"We are interested in using whatever hyperspectral sensor is available for this task, including airborne instruments, and monthly acquisitions from CHRIS represents a valuable additional resource for us."
Joining forces for fire mapping
CHRIS is also set to join forces with another mini-satellite to survey the longer-term damage done by forest fires. When Proba was launched it shared its rocket with the Bi-Spectral Infrared Detection (BIRD) spacecraft designed by the German Aerospace Centre (DLR) to detect high-energy and fire events across the Earth's surface.
This being so, the joint research programme outlined to the Workshop by Dieter Oertel of DLR represents a sort of reunion. CHRIS will re-acquire the sites of forest sites charted within the last year by BIRD to map the extent of the burnt area and identify any vegetation regrowth. Areas under target include last year's fire zones in Spain and Portugal as well Australia and Siberia.
"Fire is the single most active environmental change agent," Oertel said. "Within many ecosystems such as boreal forests low to medium intensity fires are actually beneficial, reducing fuel loads and stabilising the environment. However high intensity fires can be more destructive, leading to destruction of the dominant plant species, soil degradation, increased water run-off, flooding and landslides.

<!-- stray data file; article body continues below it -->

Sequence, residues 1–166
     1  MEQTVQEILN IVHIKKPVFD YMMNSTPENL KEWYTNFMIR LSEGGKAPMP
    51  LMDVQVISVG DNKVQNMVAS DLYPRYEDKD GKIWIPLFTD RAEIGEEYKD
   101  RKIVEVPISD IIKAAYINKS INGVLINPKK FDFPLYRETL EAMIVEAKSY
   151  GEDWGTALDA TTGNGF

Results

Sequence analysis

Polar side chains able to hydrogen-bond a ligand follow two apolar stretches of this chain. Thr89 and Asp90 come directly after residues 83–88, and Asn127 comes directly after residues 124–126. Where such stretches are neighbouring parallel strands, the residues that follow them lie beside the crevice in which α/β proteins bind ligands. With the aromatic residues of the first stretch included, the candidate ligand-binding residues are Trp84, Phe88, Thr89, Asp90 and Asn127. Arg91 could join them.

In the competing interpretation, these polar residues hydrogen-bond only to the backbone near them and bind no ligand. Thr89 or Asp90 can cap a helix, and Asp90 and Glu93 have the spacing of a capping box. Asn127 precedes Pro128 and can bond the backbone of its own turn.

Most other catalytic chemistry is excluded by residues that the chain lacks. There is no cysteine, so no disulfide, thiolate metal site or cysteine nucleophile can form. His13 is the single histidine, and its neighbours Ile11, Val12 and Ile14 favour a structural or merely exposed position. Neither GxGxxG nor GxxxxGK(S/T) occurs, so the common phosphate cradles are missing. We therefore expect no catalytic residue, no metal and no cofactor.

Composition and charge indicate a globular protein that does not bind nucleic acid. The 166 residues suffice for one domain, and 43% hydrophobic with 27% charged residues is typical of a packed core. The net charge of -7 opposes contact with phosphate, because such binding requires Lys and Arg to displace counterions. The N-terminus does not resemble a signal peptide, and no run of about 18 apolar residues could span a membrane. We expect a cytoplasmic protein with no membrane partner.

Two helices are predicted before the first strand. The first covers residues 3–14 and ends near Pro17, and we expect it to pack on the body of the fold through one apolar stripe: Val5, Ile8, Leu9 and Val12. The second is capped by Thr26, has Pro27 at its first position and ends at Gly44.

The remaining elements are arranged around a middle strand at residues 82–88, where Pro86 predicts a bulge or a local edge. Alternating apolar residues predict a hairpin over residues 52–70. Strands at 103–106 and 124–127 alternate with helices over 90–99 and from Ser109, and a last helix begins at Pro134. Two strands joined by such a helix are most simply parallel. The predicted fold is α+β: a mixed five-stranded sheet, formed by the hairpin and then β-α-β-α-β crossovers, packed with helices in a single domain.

"The data from the two satellites will help develop a system to decide when a fire is either beneficial or destructive."
Aftermath of disaster
The Workshop also heard how the international Charter on Space and Major Disasters was considering an increase in its use of CHRIS imagery for high-resolution damage assessment as a response tool during disaster situations. Back in December 2003 a CHRIS image of flooding in the town of Ville d'Arles in France was acquired following a Charter activation.
The nature of Proba's origin as a technology demonstrator mission means that CHRIS has previously lacked archive data to enable before and after comparisons (although an archive is now being integrated within the ESRIN Multi-Mission ground segment) but the possibility of employing SPOT or Landsat data for comparison purposes was discussed at the Workshop.